Rank and file members of the DA have urged former parliamentary leader Lindiwe Mazibuko to throw her hat into the ring for the leadership of the party despite her declining to run for the post.
DA MPL in Kwa-ZuluNatal and Mazibuko confident Mbali Ntuli said party members had sent tweets and messages to Mazibuko calling for her return from the US where she had gone to study at Harvard University. She resigned last May after falling out with outgoing party leader Helen Zille.
“Many people are behind her. They have called her and even tweeted Lindiwe, asking her to come back,” Ntuli said. She confirmed her backing for Mazibuko’s candidacy for the DA top post and would put her name forward. Former DA leader Tony Leon said in a radio interview that there was never a perfect time to leave but seemed to suggest Zille should have alerted the party earlier about her stepping aside.
“Maybe with hindsight, she should have given more notice,” Leon said. He insisted that Zille’s exit paved the way for DA parliamentary leader Mmusi Maimane to take over the leadership reins. Mazibuko yesterday ruled herself out of contention for the most powerful position in opposition politics.
“I wish to clarify that I will not be making myself available for election to any leadership post at the DA’s 2015 congress,” she said.
Ntuli insisted while race was not an important factor in selecting the party’s new leader, Mazibuko was an exceptional leader who even got recognition from opposition parties.
She said she often spoke to Mazibuko who might have been disadvantaged by Zille’s late announcement that she was stepping down as DA leader. Nominations for Zille’s replacement was extended by a few days for a new party leader to be elected at the party’s elective conference on May 9 in Port Elizabeth in Eastern Cape.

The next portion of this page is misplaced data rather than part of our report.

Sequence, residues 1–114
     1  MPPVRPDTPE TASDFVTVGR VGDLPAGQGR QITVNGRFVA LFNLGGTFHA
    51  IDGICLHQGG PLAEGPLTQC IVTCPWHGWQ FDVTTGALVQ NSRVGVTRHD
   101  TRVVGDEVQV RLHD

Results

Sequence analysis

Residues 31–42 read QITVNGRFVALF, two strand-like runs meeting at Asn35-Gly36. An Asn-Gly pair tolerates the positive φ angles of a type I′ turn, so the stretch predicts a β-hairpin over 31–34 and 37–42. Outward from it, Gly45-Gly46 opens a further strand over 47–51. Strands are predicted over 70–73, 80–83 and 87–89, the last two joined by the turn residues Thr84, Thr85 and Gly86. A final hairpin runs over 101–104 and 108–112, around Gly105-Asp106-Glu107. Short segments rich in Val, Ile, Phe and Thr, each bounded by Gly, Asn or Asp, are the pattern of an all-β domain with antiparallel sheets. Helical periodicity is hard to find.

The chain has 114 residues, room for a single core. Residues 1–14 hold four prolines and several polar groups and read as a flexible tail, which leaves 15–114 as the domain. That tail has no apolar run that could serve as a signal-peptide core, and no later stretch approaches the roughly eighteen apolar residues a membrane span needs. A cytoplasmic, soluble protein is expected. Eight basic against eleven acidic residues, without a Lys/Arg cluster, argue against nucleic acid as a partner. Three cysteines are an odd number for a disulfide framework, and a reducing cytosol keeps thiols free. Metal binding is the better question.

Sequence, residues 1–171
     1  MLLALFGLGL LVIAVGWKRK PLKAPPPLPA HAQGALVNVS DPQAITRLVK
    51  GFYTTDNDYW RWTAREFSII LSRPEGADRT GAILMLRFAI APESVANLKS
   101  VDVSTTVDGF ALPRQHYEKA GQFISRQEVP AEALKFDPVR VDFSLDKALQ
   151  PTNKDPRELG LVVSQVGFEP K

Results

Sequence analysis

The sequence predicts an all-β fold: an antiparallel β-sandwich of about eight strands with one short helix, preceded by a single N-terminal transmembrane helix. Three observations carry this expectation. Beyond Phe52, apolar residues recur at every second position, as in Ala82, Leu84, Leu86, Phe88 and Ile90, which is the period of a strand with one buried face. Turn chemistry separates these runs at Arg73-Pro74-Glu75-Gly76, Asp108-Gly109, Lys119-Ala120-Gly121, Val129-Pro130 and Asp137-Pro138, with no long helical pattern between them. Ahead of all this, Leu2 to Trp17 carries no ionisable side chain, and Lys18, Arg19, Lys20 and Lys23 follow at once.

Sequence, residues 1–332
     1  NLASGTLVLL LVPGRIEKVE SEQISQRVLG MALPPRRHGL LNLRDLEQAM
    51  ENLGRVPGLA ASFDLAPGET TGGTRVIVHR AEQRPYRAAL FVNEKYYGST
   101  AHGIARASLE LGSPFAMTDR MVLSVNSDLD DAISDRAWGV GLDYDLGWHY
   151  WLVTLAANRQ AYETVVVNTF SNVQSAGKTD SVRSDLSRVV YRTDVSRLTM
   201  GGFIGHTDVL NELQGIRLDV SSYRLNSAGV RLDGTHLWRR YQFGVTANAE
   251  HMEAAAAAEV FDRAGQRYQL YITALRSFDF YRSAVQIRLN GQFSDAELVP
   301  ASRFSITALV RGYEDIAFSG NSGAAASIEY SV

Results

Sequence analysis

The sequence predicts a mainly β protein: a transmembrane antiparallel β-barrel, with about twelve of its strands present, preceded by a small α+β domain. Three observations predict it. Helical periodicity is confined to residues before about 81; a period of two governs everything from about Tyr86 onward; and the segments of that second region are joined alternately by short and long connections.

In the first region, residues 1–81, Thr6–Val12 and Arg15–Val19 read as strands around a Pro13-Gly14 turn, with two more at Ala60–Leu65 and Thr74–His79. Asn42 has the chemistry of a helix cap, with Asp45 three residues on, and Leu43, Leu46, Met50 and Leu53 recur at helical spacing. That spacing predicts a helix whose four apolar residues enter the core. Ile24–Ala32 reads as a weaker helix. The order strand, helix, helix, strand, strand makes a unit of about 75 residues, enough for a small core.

“Mazibuko is doing fine in Harvard. Had the congress been at a later stage I am sure she would have been here,” Ntuli said.
Mazibuko, a former DA parliamentary leader, thanked the outgoing leader of the party and wished party leaders well during the party’s federal congress next month.
“I remain deeply and fundamentally committed to my country, South Africa, and to a life of public service. When the time is right, I will make myself available for whichever position I believe will enable me to best make a contribution towards building a better South Africa,” she said.
“That time, however, is not now,” she said. Another DA leader, Athol Trollip, was, however, less complimentary to Mazibuko and boldly declared that he would not support her for the party leadership.
“She let the party down and chose to go to Harvard. No one forced her to go to Harvard. It was her own choice. In politics things like these have consequences,” Trollip said. Both Trollip and DA MP Magashule Gana will contest the party chairperson post. “I believe we have enough leaders from the DA, being black should not be a determination,” Gana said.
Political analyst, Somadoda Fikeni believed that the DA was at a political crossroads and said that the party would face a challenge internally if the congress were to elect a black leader.
The party would also face tough questions from the public if they were seen to be in favour of white leadership. Fikeni said the options of black leadership that the DA had were young and eloquent, but inexperienced.
“They are doomed either way,” Fikeni said.
Article source: http://www.thenewage.co.za/156440-1011-53-Plea_to_Mazibuko_on_DA